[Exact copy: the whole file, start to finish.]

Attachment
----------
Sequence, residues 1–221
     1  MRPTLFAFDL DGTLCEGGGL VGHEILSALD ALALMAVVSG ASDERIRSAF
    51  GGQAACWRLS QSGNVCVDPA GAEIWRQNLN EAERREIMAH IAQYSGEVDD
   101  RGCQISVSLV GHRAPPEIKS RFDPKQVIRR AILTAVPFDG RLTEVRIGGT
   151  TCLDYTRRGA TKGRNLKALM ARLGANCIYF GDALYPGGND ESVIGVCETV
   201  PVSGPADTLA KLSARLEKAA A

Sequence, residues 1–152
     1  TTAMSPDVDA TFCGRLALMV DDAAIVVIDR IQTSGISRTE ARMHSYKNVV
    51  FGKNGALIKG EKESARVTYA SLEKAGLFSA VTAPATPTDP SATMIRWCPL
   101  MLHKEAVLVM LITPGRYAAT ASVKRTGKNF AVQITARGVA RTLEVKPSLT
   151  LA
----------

Sequence, residues 1–221
     1  MRPTLFAFDL DGTLCEGGGL VGHEILSALD ALALMAVVSG ASDERIRSAF
    51  GGQAACWRLS QSGNVCVDPA GAEIWRQNLN EAERREIMAH IAQYSGEVDD
   101  RGCQISVSLV GHRAPPEIKS RFDPKQVIRR AILTAVPFDG RLTEVRIGGT
   151  TCLDYTRRGA TKGRNLKALM ARLGANCIYF GDALYPGGND ESVIGVCETV
   201  PVSGPADTLA KLSARLEKAA A

Sequence, residues 1–152
     1  TTAMSPDVDA TFCGRLALMV DDAAIVVIDR IQTSGISRTE ARMHSYKNVV
    51  FGKNGALIKG EKESARVTYA SLEKAGLFSA VTAPATPTDP SATMIRWCPL
   101  MLHKEAVLVM LITPGRYAAT ASVKRTGKNF AVQITARGVA RTLEVKPSLT
   151  LA